When the Q&A queue starts, then you raise a devastating objection to premise n, and voilà, your philosophical contribution to someone’s else work is done.
Just be careful to look SUPER smart when you ask the question, and not appear to be too nervous or tentative — medium-level arrogance is just about right — because your (professional) philosophical life depends a lot on first impressions.
If you feel sick to your stomach at the end of the day for being obliged to play the professional game, then you can just go to Daily Nous and complain about how bad the practices of our profession are. Two or three long posts will be enough to settle your stomach and save your philosophical soul.
One could say at this point: this is simply how philosophy is done nowadays. If you want to be a philosopher, you have to play the “professional game,” even if you don’t agree with it.
You can play safe at earlier stages of your career, and THEN, when you’re finally an established professional philosopher, you can venture into new and unorthodox work.
Ya, right. How many professional philosophers do you know who actually ventured into new and unorthodox work after receiving tenure? Or after being promoted to full professor? Or even after retirement and entering the elephant’s graveyard of emeritus professorship?
This line of bullshit would work very well if it didn’t overlook the force of old established habits.
If you conform to the rules of practice-P for too long, and survive, and in that sense “succeed” in practice-P, then even if you started out being deeply opposed to the whole practice-P enterprise, eventually you turn into a card-carrying P-er.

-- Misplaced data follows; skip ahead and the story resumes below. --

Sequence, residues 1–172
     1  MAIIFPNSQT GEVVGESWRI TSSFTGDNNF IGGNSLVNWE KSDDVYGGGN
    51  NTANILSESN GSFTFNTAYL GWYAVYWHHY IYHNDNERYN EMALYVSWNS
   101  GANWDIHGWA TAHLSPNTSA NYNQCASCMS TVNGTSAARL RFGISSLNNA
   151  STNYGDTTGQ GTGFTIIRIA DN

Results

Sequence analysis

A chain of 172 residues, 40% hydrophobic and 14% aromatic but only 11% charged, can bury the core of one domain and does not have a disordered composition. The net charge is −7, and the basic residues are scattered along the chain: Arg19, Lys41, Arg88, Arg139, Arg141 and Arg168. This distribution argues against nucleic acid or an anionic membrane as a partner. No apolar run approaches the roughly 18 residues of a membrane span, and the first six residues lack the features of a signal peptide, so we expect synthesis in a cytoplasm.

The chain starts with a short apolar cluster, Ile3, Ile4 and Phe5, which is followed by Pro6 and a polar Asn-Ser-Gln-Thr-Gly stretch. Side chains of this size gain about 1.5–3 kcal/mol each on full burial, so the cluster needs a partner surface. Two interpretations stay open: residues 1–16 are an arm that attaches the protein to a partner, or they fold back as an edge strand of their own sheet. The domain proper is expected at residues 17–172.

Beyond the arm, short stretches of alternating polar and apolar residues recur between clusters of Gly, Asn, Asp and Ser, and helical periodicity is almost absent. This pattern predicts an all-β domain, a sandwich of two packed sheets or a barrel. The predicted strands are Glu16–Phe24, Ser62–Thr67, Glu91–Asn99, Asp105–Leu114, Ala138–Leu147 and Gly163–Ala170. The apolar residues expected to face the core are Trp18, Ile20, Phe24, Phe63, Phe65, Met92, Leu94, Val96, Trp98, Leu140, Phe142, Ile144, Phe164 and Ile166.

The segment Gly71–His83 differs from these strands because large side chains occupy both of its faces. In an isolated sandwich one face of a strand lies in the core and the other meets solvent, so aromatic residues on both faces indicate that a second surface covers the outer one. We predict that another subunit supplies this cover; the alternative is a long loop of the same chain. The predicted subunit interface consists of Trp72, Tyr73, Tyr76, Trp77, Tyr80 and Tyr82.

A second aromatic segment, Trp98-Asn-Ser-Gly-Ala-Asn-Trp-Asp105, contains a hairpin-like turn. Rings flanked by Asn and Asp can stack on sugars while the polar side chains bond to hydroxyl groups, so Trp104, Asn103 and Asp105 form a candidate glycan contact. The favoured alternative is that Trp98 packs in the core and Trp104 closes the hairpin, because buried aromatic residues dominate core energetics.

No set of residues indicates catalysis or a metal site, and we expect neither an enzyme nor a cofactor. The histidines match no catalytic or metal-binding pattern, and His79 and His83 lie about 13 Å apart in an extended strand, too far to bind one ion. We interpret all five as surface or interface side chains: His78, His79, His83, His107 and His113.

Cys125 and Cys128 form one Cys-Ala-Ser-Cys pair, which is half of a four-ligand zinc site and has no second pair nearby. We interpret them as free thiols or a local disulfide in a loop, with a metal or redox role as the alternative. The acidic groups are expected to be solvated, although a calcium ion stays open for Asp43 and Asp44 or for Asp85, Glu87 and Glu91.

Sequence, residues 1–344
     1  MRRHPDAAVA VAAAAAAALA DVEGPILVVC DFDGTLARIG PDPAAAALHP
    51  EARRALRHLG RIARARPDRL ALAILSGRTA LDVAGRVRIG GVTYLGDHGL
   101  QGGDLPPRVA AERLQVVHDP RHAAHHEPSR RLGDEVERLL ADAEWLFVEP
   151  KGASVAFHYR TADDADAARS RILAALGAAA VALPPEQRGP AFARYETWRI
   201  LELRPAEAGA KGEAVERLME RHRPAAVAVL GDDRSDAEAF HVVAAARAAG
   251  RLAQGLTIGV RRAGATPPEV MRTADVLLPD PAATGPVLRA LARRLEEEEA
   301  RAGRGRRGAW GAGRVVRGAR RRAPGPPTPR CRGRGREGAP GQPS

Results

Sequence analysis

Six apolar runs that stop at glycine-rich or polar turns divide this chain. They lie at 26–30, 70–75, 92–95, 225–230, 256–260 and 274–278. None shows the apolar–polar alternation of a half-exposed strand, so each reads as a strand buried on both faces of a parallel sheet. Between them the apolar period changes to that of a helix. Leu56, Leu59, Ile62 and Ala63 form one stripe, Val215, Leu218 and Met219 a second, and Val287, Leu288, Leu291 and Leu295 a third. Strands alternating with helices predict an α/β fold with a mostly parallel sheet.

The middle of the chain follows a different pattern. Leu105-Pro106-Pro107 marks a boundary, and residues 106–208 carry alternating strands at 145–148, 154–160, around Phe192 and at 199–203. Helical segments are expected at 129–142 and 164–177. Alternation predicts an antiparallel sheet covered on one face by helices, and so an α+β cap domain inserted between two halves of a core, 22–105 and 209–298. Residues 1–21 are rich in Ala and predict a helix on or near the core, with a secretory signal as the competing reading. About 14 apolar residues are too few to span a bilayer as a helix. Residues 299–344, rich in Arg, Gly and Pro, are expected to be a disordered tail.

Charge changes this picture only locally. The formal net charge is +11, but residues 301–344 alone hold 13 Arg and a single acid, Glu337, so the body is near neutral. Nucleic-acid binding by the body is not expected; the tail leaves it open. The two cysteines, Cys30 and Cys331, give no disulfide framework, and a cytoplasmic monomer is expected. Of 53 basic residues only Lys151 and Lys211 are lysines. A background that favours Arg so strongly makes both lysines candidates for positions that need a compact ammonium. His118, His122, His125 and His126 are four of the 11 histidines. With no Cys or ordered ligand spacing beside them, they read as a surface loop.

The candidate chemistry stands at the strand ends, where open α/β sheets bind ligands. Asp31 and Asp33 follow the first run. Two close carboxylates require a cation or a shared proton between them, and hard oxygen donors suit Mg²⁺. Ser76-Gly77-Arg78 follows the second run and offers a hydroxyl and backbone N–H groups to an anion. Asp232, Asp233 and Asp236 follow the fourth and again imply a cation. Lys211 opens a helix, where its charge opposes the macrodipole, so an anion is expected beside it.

4. But this takes us down a different rabbit hole. What I want to discuss now, instead, is what happens when you refuse to play the professional game.
If you find it too soul-destroying to play the professional game in order to become and be a real philosopher, you might get to the point where you just decide to give up and end The Tale of the Young Philosopher as it were tragically, by getting the hell out of professional academic philosophy altogether. Then this thesis kicks in:
(*) If you’re a “failed professional academic philosopher,” then you’re a “failed philosopher.”
But, you might say, this is not necessarily a bad thing: in the same way that playing professional basketball wasn’t for you, maybe philosophy wasn’t for you as well. We all make wrong decisions and it’s never too late to change things.
But this is a deeply wrong way to think of the subject. Thesis (*) is a fallacy! I’m not denying that perhaps studying philosophy wasn’t your real passion, but failing at being a professional academic philosopher has nothing to do with failing to be a real philosopher.
When you fail to play the professional game, you’re AT MOST a “failed academic”. And to the great surprise of anyone telling or following The Tale of the Young Philosopher, this should not mean that your philosophical story is over.
“Failed academics” can be real philosophers, and we have some exceptionally good examples of this.
Obviously, this is not something “interesting” to be added to the official Tale of the Young Philosopher that is told to students, for professional philosophers need to be paid in order to make a living out of it, and presumably truly professional philosophers WOULDN’T do philosophy if they WEREN’T paid to do it and receive the social benefits of professional status.
But suppose that you’re a Young Philosopher who satisfies the following counterfactual criterion:
(**) I would still passionately study and do real philosophy as a lifelong project, to the best of my natural abilities, even if I weren’t paid to do it and receive professional social status benefits.